Score one more for Sony’s Steve Jobs biopic. The studio announced earlier this week that Oscar-winning screenwriter Aaron Sorkin (The Social Network) will be penning an adaptation of Walter Isaacson’s biography Steve Jobs—giving the project a major leg-up in contrast to the Ashton Kutcher-fronted indie biopic Jobs—and now the production has the involvement of a key Apple player. Moreover, Sorkin revealed that the film won’t be the standard biopic that some are expecting:
“I know so little about what I am going to write. I know what I am not going to write. It can’t be a straight ahead biography because it’s very difficult to shake the cradle-to-grave structure of a biography.”
Hit the jump for more, including the nature of Apple co-founder Steve Wozniak’s involvement on the project.
During a press conference for Sorkin’s new HBO series The Newsroom, the scribe talked briefly about the Jobs project with Reuters. His aforementioned statement about not knowing what he’s going to write echoes comments he made when he was first brought on to write “a Facebook movie,” and we all know how that turned out. He elaborated on finding the right story to tell regarding Jobs’ life:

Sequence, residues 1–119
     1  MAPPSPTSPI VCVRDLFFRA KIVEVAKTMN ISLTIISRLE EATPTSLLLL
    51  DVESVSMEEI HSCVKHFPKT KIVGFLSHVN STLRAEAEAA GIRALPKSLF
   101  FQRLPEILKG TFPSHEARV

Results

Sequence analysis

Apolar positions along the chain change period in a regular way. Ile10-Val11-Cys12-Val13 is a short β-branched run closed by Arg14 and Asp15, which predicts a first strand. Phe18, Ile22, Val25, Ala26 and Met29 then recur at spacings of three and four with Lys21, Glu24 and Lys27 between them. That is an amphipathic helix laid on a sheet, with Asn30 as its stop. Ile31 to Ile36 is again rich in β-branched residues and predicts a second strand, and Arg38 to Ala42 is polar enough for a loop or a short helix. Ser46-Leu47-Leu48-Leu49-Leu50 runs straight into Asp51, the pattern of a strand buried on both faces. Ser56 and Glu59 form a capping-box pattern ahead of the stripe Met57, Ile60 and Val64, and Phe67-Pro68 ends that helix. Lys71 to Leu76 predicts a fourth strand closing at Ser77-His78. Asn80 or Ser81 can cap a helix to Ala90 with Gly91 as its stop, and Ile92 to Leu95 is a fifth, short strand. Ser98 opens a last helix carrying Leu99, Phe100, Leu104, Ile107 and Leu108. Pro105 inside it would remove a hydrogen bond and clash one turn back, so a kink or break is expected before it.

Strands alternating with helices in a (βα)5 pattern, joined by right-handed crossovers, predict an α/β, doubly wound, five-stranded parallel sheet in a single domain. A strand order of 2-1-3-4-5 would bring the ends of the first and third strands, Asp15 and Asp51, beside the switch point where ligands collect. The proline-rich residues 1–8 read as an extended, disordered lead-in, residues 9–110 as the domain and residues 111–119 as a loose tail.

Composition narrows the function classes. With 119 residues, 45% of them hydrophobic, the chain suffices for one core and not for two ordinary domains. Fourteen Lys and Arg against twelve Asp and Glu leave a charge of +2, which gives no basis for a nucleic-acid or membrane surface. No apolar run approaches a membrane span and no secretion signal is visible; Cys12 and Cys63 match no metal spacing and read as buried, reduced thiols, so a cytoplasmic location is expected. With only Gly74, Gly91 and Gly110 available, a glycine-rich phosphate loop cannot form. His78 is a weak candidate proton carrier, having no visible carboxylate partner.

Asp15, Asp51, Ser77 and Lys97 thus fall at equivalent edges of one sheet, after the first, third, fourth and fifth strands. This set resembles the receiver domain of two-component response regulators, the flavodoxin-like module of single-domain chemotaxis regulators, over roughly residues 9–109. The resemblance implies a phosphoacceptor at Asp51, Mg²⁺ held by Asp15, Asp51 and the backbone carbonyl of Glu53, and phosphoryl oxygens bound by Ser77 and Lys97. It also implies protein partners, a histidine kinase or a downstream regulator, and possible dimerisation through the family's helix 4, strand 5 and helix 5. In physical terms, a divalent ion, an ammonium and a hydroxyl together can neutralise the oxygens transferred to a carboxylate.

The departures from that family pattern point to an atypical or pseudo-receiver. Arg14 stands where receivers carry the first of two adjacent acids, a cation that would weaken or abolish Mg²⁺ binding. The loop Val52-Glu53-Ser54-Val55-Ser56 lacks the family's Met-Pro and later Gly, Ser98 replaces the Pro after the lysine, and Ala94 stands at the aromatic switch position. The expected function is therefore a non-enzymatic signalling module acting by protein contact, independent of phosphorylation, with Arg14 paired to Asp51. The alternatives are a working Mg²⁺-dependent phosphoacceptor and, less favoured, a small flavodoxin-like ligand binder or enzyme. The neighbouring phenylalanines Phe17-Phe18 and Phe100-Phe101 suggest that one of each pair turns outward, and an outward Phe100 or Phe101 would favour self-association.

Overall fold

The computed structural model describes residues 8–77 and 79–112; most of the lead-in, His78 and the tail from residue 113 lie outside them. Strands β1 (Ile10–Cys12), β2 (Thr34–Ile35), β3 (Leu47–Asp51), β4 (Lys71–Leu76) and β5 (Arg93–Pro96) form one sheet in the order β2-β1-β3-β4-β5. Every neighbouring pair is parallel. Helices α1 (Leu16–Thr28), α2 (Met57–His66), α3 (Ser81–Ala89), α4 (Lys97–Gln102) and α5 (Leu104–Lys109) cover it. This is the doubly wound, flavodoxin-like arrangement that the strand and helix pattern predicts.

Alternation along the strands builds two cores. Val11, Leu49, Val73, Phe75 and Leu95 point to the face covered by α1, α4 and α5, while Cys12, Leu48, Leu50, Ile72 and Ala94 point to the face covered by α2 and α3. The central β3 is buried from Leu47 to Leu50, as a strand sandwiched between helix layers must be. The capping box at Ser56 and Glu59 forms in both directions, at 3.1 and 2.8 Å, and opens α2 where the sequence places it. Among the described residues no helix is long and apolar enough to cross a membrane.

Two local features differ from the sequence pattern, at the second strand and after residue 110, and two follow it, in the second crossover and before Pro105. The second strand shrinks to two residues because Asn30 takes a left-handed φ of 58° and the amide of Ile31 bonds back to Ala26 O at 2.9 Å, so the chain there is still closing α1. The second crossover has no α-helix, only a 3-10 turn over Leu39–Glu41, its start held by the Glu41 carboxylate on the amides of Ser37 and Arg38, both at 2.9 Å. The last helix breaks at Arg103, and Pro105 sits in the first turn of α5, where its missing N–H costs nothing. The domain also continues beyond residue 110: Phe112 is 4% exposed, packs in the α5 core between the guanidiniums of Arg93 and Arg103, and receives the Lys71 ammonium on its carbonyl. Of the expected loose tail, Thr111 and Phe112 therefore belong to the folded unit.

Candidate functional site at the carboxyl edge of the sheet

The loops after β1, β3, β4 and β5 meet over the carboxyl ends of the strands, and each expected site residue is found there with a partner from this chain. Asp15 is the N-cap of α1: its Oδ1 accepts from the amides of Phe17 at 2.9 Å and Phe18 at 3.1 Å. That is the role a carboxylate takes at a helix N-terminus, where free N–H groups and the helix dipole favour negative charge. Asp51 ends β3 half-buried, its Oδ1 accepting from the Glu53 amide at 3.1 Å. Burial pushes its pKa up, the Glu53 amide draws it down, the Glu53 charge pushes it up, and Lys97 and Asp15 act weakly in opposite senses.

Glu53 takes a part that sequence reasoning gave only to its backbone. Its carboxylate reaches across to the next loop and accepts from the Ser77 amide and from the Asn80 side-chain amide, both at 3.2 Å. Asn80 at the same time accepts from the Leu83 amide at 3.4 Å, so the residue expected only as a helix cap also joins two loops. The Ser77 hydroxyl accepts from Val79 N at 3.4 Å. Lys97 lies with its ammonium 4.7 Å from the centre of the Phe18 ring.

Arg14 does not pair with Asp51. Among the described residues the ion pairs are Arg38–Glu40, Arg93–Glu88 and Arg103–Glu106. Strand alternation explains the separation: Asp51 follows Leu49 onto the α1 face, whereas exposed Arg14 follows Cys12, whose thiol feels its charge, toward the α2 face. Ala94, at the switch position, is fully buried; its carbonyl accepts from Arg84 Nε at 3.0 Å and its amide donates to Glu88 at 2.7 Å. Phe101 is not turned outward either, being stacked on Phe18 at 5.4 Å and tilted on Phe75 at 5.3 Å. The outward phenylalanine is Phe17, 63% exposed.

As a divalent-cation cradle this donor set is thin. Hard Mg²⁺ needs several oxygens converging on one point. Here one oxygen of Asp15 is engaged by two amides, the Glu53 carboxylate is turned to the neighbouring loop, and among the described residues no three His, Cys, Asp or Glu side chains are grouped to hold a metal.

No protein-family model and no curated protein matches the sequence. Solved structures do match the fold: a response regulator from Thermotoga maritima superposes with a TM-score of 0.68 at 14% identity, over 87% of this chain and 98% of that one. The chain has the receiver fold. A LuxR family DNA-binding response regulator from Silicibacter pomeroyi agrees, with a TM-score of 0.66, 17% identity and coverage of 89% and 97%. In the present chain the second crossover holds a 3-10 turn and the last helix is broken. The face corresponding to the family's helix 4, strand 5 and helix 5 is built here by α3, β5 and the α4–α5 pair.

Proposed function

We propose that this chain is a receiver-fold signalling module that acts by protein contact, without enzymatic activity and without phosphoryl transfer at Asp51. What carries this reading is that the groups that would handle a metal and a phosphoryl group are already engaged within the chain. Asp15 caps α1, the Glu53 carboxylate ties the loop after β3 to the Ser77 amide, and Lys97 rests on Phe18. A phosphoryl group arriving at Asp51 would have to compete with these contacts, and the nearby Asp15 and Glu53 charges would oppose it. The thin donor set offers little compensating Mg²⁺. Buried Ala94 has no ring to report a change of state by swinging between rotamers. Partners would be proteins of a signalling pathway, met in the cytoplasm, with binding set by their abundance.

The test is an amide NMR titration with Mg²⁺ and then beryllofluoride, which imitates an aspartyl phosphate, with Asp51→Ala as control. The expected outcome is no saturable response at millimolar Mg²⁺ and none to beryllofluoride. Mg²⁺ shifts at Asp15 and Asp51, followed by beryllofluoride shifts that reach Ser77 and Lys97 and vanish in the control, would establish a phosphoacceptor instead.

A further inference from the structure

“Drama is tension versus obstacle. Someone wants something, something is standing in their way of getting it. They want the money, they want the girl, they want to get to Philadelphia – doesn’t matter … And I need to find that event and I will. I just don’t know what it is.”
Sorkin also revealed that Apple co-founder Steve Wozniak has been brought into the development phase to “tutor” the scribe on all the technical aspects of computers and on Jobs himself. Wozniak was present for the key Apple moments in Jobs’ life, and kept in touch with the innovator up until his untimely death.
Sorkin said that he’ll turn his full attention to the Jobs film in late June, after The Newsroom has premiered and his hands aren’t full with press commitments. I’m a big fan of the scribe and though some lamented the fact that Sorkin was tackling yet another techie movie, his varied filmography (Moneyball, The West Wing) and penchant for romantic yet prickly characters gives me much confidence in his ability to bring a truly engrossing film about Jobs to the screen. That said, I wouldn’t exactly be opposed to a Sorkin/David Fincher reunion on the Jobs story.